Saturday, January 26, 2008

Cancer and Myc

Myc is a gene that has been studied for over 20 years and is found to be overexpressed in many human cancers. The protein it codes for (which for simplicity we'll also refer to as Myc) is a transcription factor, like members of the FoxO family, which means it can enable or disable the expression of many other genes. How many? The estimate is about 15% of all human genes. Since there are at least 20,000 genes, the number regulated by Myc is 3000 or more. That's a lot of leverage.

Obviously, Myc is essential for cell function or it wouldn't have so much influence. The biological functions Myc affects include cell proliferation, cell growth, apopotosis, cell differentiation, and stem-cell self-renewal. It is possible for a single transcription factor to have such varied effects because other transcription factors (coactivators or corepressors) must also be present in order to activate or repress the expression of some specific other gene. That is, the expression of any particular gene depends on the presence (or absence) of a particular set of transcription factors.

Since Myc affects the functions mentioned above, it's hardly surprising to find that Myc is overexpressed in many cancers. In such cases, the difference between a normal cell and a cancer cell is the overexpression of Myc in the latter and possibly the abnormal presence of other coactivators or corepressors. The result in a cancer cell is excessive proliferation and/or avoidance of cell death by apoptosis.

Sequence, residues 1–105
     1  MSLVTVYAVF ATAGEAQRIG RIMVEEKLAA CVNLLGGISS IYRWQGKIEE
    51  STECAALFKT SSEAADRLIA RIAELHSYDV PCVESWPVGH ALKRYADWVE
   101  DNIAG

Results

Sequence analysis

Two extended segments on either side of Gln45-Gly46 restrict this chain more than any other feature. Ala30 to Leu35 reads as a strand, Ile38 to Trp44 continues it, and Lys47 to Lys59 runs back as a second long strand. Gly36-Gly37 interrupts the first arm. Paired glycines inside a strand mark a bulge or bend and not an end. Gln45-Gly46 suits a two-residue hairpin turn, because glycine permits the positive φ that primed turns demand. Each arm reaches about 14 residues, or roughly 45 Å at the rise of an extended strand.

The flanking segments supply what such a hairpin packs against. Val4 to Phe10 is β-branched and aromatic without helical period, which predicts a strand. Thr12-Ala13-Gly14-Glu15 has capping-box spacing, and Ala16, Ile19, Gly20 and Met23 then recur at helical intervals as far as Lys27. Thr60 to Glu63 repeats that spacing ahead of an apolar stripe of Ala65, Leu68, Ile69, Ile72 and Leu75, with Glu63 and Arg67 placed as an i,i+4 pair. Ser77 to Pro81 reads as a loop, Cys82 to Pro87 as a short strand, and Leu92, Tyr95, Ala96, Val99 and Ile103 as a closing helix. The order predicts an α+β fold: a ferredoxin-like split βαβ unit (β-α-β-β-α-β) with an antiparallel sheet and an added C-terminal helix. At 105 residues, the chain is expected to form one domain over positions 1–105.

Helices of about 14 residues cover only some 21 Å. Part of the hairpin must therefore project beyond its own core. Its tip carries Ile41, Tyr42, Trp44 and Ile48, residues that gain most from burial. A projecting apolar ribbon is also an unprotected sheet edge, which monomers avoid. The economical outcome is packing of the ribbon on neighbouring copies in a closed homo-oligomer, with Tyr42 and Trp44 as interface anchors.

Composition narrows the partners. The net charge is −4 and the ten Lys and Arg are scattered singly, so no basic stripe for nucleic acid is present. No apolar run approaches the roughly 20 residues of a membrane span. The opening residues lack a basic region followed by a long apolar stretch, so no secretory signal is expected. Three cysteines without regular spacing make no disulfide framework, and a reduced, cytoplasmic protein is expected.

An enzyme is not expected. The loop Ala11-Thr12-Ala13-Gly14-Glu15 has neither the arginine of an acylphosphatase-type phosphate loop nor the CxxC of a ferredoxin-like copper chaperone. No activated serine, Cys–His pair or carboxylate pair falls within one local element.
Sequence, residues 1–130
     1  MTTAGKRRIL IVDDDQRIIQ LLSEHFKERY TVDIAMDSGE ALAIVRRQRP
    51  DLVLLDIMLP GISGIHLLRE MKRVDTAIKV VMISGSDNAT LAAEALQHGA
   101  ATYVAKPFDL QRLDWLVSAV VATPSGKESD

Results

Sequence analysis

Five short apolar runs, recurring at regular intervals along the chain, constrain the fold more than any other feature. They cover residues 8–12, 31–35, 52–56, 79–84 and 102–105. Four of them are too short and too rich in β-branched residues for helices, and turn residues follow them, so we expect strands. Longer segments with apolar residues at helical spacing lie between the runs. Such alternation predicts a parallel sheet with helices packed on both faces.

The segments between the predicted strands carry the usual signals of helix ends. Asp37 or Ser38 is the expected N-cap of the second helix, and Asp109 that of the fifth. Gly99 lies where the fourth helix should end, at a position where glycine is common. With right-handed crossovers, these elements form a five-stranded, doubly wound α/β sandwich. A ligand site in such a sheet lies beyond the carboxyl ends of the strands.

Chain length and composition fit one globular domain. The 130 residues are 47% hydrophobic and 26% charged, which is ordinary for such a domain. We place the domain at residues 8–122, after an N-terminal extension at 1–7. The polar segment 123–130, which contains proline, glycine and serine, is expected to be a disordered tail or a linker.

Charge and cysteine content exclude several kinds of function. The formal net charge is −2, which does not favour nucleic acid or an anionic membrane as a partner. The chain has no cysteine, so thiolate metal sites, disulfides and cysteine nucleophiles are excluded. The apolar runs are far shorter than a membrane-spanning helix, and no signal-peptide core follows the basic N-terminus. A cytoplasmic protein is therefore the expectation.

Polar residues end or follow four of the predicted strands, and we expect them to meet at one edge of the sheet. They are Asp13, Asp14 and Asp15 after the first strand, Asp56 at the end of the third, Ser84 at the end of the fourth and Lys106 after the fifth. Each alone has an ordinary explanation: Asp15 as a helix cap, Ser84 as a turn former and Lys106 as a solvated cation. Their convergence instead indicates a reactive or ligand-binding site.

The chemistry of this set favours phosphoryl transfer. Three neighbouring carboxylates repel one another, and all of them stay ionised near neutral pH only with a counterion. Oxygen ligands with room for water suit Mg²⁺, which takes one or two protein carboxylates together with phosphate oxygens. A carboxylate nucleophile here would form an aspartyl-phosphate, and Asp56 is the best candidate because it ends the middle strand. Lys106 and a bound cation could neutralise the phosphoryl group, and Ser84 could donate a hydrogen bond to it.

Surely you've wondered why development of cancer therapies has taken so long. A large part of the reason is that so many genes involved in cancer interact with so many other genes that have essential functions. So it's not possible to interfere with the cancer-related genes without disrupting vital biological functions elsewhere in the body.

The expression of Myc itself is triggered by signals that are usually external to the cell and normally serve to stimulate cell growth and proliferation when needed, as in lymphocyte production, normal growth, or wound healing. Such signals are called mitogens, because they can initiate mitosis. Wnt, Shh, and EGF are mitogens that can lead to Myc expression.

It is probably almost impossible to hope to combat cancer by directly affecting Myc or its related mitogens, because all of these have essential normal functions themselves. Instead, anti-cancer research needs to examine how Myc may be overexpressed or complemented in harmful ways by other transcription factors.

One promising line of research involves cancer stem cells – cells that, like normal stem cells, can proliferate and differentiate into other cell types, and that also carry cancer-causing mutations. There is now thought to be a "signature" consisting of 11 genes that may be characteristic of cancer stem cells. One of these genes has an effect on Myc:

Scientists Uncover Role Of Cancer Stem Cell Marker: Controlling Gene Expression (1/18/08)
Scientists at Jefferson's Kimmel Cancer Center in Philadelphia have made an extraordinary advance in the understanding of the function of a gene previously shown to be part of an 11-gene "signature" that can predict which tumors will be aggressive and likely to spread. The gene, USP22, encodes an enzyme that appears to be crucial for controlling large scale changes in gene expression, one of the hallmarks of cancer cells. ...